The gravitational acceleration on Mars is less than that of Earth. Mars has a mass of kg and a radius of m. We can plug these values into the equation and find that

If Mars were to magically double in mass, what would the effect be on the gravitational acceleration? Gravitational acceleration is directly proportional to mass. Therefore, if mass doubles, “little g” doubles as well. If Mars were to magically double in mass, its gravitational acceleration would become 7.4 m/s^{2}.

What if instead of Mars’s mass magically changing, its radius expands until the planet has double the radius? What effect would that have on the gravitational acceleration? The relationship between “little g” and the radius obeys the inverse-square law. Therefore if the radius increases by a factor of two, the gravitational acceleration will decrease by a factor of two-squared: four. In that case, “little g” on Mars would decrease to 0.9 m/s^{2}.

## Gravitational fields

A gravitational field is a model that we can use to describe how objects interact as a result of gravitational forces. We can draw a gravitational field by showing where any object placed around a massive object would move due to gravity.

Consider the gravitational field of the Earth. Any object of mass is going to want to move toward the center of the Earth. This is depicted by showing the field using arrows pointing toward the center of the Earth.

In Figure 9.5, the gravitational field is depicted around the Earth. (In reality, the field is three-dimensional, but it is difficult to convey that in a two-dimensional format such as a computer screen or printed sheet of paper.)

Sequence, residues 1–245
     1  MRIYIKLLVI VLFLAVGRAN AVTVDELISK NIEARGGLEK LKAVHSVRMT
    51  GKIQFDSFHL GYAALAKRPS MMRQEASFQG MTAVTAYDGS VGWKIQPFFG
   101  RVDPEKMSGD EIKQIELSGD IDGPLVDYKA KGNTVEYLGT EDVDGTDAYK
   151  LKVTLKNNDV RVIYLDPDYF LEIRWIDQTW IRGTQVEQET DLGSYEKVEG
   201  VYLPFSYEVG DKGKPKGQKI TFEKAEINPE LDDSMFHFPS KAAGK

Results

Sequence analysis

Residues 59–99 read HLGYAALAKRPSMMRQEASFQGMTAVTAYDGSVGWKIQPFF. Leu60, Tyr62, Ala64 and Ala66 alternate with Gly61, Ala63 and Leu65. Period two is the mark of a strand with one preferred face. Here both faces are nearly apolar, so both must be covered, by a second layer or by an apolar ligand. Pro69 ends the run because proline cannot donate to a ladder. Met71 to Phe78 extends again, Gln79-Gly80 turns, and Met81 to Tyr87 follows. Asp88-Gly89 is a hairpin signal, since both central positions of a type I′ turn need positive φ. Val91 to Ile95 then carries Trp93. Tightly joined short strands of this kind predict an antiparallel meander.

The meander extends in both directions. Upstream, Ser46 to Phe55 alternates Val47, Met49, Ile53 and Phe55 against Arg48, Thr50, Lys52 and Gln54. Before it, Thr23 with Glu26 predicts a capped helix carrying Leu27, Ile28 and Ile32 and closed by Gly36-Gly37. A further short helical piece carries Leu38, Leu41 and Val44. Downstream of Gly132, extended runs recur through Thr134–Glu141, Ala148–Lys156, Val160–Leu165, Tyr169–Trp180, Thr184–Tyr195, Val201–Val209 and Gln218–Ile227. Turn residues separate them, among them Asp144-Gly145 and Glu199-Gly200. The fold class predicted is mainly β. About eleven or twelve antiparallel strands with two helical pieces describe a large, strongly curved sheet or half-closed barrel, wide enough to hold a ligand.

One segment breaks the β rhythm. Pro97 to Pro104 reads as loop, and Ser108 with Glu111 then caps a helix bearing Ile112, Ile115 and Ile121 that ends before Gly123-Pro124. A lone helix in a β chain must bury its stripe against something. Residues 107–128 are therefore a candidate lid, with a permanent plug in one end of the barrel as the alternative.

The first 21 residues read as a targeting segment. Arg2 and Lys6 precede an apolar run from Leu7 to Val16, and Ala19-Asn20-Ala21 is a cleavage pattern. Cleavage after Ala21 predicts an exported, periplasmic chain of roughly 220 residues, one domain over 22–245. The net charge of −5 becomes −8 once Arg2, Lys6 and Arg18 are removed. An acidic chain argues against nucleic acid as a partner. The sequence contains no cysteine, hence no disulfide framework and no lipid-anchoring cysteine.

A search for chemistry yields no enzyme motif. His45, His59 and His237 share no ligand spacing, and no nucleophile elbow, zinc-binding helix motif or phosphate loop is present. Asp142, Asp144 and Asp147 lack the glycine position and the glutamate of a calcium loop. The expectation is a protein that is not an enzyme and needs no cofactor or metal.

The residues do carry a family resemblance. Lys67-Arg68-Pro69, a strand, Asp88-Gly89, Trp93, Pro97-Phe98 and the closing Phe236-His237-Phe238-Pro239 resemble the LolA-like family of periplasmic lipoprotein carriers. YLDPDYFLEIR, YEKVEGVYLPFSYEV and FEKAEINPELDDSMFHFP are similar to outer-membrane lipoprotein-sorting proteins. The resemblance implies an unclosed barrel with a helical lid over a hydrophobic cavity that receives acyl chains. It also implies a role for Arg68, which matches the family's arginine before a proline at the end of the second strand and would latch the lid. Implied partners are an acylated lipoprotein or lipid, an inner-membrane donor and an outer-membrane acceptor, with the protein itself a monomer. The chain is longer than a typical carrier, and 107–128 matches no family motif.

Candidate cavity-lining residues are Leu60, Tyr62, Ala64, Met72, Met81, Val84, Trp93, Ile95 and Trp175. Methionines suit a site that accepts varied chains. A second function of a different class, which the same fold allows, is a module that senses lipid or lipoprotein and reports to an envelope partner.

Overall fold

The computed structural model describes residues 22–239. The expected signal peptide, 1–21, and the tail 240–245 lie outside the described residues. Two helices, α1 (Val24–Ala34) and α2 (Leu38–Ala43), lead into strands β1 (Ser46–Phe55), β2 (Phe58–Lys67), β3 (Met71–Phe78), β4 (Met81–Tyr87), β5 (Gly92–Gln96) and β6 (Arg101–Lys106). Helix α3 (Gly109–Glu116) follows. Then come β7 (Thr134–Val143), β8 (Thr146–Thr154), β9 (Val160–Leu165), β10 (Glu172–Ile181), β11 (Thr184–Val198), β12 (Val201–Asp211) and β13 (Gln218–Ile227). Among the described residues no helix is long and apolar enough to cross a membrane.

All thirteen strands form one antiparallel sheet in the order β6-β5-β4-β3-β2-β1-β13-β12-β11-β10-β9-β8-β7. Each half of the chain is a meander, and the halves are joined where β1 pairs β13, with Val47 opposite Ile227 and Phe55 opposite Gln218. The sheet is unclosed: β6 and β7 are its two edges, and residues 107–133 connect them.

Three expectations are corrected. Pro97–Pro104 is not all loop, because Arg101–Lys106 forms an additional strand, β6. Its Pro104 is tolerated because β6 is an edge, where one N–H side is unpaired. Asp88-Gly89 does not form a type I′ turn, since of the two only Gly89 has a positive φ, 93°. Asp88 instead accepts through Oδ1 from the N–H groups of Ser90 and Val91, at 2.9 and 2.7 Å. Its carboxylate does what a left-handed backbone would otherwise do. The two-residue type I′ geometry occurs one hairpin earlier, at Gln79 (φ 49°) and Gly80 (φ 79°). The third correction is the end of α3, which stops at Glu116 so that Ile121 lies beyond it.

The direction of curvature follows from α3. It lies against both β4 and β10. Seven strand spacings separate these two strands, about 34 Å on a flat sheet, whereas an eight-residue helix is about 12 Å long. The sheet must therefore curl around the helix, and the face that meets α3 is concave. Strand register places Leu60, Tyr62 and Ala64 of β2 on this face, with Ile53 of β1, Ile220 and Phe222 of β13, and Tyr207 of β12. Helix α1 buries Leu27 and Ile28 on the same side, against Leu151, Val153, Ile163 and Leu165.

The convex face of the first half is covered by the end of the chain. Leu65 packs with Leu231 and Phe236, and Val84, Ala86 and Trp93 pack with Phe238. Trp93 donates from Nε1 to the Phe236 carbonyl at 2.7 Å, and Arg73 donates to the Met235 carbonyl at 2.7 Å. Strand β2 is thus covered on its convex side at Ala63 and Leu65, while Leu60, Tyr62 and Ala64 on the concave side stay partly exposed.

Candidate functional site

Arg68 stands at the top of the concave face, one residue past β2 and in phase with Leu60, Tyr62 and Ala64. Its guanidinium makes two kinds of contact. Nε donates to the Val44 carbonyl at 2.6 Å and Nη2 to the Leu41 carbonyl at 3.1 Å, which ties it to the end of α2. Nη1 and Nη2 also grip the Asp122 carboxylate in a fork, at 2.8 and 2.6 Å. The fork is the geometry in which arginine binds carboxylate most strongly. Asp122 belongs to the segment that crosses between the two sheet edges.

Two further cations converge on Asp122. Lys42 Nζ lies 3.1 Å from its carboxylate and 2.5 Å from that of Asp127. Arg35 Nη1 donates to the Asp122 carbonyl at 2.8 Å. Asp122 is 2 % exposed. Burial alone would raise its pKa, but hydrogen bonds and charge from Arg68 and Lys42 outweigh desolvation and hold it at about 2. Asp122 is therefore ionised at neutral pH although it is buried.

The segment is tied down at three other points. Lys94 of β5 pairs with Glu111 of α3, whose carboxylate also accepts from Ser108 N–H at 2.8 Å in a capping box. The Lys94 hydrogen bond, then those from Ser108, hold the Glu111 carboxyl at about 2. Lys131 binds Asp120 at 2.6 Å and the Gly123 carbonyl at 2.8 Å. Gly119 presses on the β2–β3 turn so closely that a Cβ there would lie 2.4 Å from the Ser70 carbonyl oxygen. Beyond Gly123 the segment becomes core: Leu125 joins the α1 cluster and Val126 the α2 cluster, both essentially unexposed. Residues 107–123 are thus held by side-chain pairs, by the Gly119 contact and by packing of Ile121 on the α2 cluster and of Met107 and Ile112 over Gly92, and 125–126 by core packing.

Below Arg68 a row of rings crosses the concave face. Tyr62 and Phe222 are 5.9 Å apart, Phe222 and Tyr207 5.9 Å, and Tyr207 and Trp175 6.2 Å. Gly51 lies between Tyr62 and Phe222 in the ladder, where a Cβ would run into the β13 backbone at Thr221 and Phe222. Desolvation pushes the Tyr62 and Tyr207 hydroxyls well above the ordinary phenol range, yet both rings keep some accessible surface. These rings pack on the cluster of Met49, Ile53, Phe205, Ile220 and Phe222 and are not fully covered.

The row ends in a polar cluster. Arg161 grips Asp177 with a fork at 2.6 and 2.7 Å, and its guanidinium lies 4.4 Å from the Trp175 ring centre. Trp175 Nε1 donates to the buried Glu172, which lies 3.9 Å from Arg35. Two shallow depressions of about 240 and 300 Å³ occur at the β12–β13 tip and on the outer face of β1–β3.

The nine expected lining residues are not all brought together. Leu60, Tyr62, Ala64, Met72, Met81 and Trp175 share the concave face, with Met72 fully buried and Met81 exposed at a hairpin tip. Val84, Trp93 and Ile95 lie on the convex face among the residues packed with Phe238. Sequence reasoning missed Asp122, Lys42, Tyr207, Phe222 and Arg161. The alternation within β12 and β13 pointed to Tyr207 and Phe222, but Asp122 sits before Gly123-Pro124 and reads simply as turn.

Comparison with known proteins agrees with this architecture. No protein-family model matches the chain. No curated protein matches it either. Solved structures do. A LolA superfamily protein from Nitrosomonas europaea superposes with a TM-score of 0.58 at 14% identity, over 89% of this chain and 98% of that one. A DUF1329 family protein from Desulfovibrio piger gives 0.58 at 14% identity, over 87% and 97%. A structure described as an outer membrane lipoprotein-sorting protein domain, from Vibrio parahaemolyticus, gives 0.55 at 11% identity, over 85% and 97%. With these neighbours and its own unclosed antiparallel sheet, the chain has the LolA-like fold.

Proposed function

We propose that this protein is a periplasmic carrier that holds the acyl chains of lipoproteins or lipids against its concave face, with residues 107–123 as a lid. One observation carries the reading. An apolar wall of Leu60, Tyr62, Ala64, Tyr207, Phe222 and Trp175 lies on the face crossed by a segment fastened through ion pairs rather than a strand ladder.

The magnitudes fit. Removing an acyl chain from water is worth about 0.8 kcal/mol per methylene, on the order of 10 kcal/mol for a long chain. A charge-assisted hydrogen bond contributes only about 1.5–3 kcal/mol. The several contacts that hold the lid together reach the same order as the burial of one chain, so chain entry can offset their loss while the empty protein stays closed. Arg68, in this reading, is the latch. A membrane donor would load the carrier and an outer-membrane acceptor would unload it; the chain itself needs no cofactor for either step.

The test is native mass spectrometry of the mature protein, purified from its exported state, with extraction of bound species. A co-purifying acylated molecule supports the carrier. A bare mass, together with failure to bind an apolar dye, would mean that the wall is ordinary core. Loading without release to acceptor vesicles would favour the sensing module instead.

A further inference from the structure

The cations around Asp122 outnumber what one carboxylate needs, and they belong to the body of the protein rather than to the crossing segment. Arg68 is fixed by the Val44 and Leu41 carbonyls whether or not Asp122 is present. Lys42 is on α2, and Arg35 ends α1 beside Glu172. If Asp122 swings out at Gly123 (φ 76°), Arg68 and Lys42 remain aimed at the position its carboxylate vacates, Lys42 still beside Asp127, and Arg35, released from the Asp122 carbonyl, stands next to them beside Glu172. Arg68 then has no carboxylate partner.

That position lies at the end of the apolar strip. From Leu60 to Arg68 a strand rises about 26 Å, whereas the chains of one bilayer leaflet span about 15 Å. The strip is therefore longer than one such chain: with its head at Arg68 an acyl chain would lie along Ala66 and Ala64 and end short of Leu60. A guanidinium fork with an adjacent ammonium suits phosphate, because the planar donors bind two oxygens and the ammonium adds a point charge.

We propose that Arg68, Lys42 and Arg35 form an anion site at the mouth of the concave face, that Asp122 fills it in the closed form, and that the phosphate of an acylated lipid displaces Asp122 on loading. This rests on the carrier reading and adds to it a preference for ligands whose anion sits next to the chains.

At any given distance away from the center of the Earth, the distance between each of the field lines is proportional to the relative strength of the force. Close to the center of the Earth, the arrows are much closer together than they are far away from the center of the Earth. This means that gravitational forces are stronger closer to the center of the Earth, and weaker farther away. This makes sense based on our understanding of the inverse-square law.

## The limits of Newton’s laws

Newton’s laws do a really great job of explaining the motion of so many objects. But there starts to be a discrepancy that becomes apparent when objects move fast – close to the speed of light. In these cases, Newton’s laws break down and we require another physical theory to take over. Einstein’s theory of general relativity can be used to accurately describe the forces and motions of objects in these cases.

The theory of general relativity explains the motion of objects due to curves in spacetime, the fabric of the universe. A massive object causes a large curving of spacetime, and anything moving near that massive object is going to travel along spacetime in a curved direction.

It’s possible to conceptualize this by using a model of the universe. Here, the fabric of spacetime is literally a piece of fabric stretched along a circular frame. When no massive objects exist to cause any curves in spacetime, marbles that move through space travel in straight lines, shown in the first part of the video below.